Fresh AJ Interview: How to Pivot outside of Meteorology–Part 217 Nov , 2011 | 1
In Part 1 of my interview with Matt Mosbacher, we took a deeper look into the world of weather consulting (Read Part 1 here). In Part 2, have a look at what Matt is doing now with his meteorology degree and how he was able to pivot outside of meteorology.
What made you decide that you wanted a career change?
For me, meteorology has always been a passion, and is something I will always be passionate about. Although I did recently change jobs, and my primary role now is not dealing with weather forecasting; I am working in a software development environment for Aerospace/Aviation, helping clients make sense of large & disparate data sources. This is something any consulting meteorologist can relate to! Weather is still a hobby for me, and may some day return to the forefront of my career, but at this time, I am focusing my career energies on developing peripheral skills in customer-facing engagements, understanding new and emerging technologies, and developing a stronger background in aviation/aerospace. Who knows, maybe someday my meteorological skills will be called upon in this new role. I like to think of this a career pivot’ rather than a career ‘change’. Ultimately I hope to work weather back into my daily diet.
What are you doing now and what skill sets from meteorology do you utilize on a daily basis?
I am now working with Associative Memory Technology in the Aerospace/Avionics field as a Data Analyst. It sounds like a far cry from the world of Meteorology but really this field is similar to weather forecasting than one might think. Associative memory applications utilize applied mathematics (remember Linear Algebra & Vector Calculus… ) to help leverage large piles of disparate, unstructured data (kind of like weather observations) to ‘remember’ what happened in the past. I help develop the advanced programming algorithms which ‘teach’ the system how to use and apply this experience, and voila, predictive processes emerge. That explanation may be a bit nebulous to some, but at the end of the day if you break down the process of developing a weather forecast, the procedure is similar.
What advice would you have for a mid level career professional who wants to switch careers and is stuck?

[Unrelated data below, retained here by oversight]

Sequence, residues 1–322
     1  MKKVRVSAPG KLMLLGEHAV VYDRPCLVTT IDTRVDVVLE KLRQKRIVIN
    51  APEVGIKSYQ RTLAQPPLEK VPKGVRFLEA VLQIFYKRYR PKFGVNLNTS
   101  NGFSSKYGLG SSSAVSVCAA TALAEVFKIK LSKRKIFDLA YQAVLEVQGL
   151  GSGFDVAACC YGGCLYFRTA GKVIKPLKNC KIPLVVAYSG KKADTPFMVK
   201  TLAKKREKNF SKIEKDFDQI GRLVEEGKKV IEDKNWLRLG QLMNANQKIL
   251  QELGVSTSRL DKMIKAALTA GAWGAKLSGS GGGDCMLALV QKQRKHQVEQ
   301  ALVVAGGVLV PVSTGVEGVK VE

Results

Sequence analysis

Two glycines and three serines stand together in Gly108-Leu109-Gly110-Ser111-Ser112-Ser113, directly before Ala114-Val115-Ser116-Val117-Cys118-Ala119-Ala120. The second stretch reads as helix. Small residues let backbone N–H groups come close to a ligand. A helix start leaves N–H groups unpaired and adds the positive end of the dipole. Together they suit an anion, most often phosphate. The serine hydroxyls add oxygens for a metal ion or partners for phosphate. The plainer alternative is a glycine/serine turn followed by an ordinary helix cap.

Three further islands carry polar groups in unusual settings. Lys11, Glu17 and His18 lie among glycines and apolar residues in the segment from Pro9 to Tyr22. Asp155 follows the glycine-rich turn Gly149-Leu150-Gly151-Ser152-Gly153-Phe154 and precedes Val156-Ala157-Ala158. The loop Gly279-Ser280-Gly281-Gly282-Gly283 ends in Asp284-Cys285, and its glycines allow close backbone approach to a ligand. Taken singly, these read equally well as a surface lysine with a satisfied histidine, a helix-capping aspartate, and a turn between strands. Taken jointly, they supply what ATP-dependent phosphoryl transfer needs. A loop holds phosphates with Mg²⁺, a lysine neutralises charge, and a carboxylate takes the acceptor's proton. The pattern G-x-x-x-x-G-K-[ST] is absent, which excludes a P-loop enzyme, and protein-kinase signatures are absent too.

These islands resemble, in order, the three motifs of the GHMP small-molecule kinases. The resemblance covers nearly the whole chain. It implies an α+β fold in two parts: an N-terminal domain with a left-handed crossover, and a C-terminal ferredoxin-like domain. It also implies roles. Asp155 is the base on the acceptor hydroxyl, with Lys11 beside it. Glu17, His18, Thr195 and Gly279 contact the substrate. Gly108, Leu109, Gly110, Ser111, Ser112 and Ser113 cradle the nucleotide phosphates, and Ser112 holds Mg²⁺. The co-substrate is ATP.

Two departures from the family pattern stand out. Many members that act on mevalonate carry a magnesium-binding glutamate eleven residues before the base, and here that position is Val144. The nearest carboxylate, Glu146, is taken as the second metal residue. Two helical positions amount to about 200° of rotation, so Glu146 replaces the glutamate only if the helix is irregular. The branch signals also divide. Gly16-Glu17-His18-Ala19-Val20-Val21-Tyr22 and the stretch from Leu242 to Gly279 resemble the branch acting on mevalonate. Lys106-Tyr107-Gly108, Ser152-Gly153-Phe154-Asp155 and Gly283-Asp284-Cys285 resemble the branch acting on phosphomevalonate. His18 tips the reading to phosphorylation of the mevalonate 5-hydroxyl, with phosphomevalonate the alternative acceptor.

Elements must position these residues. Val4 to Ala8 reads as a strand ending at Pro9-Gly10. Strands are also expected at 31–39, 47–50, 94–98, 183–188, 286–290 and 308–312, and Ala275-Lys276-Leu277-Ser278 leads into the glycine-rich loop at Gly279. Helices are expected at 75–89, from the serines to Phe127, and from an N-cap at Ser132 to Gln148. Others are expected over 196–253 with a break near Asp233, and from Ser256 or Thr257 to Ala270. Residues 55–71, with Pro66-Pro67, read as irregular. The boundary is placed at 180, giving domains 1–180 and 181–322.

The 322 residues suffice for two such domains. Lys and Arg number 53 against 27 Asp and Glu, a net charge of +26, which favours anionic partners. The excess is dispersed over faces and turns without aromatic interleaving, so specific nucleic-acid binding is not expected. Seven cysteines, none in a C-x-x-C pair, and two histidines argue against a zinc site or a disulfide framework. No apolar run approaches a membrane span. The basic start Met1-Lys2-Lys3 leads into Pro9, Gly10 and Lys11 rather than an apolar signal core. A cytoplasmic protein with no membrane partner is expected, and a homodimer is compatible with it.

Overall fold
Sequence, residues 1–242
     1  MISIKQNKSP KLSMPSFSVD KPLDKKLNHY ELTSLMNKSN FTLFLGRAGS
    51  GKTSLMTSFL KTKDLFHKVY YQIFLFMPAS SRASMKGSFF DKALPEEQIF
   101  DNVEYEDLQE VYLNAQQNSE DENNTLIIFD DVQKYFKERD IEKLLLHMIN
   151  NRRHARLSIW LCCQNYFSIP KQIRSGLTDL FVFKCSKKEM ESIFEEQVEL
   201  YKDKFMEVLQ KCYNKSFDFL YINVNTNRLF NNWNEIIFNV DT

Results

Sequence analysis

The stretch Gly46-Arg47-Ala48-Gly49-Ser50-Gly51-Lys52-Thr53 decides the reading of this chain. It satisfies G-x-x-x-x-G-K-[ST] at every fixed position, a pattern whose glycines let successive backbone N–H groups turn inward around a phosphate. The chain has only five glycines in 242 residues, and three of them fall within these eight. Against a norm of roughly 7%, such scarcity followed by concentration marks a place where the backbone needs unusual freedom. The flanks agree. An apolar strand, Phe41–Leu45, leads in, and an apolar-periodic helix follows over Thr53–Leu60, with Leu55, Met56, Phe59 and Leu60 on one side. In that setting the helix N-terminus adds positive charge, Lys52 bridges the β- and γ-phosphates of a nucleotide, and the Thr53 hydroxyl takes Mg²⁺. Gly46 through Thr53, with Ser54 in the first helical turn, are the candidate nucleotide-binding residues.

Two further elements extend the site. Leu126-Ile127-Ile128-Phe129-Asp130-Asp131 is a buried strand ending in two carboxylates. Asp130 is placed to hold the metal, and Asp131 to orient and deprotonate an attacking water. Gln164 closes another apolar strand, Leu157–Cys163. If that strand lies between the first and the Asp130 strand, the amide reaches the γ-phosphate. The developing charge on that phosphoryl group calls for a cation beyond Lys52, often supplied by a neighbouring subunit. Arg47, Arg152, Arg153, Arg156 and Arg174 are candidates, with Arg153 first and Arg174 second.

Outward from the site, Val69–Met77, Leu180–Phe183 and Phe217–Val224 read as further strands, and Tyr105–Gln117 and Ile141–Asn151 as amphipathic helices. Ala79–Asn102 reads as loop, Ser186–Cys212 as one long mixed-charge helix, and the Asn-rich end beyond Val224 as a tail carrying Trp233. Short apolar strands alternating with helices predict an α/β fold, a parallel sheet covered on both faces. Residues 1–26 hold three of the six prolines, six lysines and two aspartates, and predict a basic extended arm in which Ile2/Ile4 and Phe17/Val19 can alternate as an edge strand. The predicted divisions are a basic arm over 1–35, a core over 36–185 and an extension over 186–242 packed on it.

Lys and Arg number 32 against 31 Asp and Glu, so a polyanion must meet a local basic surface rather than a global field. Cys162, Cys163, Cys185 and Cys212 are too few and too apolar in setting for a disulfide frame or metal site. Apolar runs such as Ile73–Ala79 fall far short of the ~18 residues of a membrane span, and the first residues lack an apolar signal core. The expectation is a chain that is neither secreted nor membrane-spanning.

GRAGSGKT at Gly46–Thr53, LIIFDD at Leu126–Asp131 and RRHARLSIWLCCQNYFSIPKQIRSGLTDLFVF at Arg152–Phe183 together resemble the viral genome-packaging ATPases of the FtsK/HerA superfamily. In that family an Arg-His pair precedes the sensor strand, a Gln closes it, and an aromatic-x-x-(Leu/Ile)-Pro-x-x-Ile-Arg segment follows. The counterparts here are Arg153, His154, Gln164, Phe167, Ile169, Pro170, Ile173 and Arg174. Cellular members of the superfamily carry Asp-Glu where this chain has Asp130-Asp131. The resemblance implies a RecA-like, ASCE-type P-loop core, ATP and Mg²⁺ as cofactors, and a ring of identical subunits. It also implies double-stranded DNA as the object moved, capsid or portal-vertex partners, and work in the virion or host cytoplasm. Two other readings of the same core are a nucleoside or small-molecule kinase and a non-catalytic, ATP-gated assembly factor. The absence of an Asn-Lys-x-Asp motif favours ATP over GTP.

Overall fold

Switching careers is tough. I think for many (myself included) meteorology is really a labor of love, and something you have to be passionate about; so choosing to deplane from that career-course was difficult. I would advise anyone thinking about changing careers to really evaluate what it is that they love about weather, and to think critically about what other skills they have gained from working in meteorology. This may come as a shock to many, but outside of the ‘weather world’ few employers care about (or even understand, much less) what a 500mb chart is, or how accurate of a forecaster you are. In our microcosm of the workforce these things speak volumes, but outside of that small space it need-not apply. By articulating the thought-process of developing a forecast, emphasizing skills in communication, and public speaking where applicable; will do far more for your career transition than highlighting a spot-on precision snow forecast.
Do you miss forecasting?
YES. I find myself still following the weather routinely. Old habits die hard I suppose. I doubt I’ll ever lose interest in weather forecasting. I still like sending my hiking and skiing buddies weather updates and forecasts before the news stations or NWS put theirs out, just to keep things fresh.
What would you say that you have learned in your career thus far?
Always look forward. Build upon your past experiences and think about how you can apply what you know. Weather forecasting and meteorology are highly specialized skills that when applied properly can generate good return on investment for a diverse set of industries. It’s easy to become complacent in any job, but if I’ve learned anything thus far; it is to keep applying yourself and your skills in new and unique ways. You may not know exactly what direction it will take you, but it somehow makes sense when you’re looking back.
Thank you Matt! It’s been a pleasure interviewing you and I’m sure our readers have learned a lot from your journey thus far. I think it’s awesome you are finding ways to utilize your meteorology degree outside of the “weather space”. I wish you the best in your future and good luck! If you have any questions or comments for Matt, please feel free to use the comment box below. Thanks!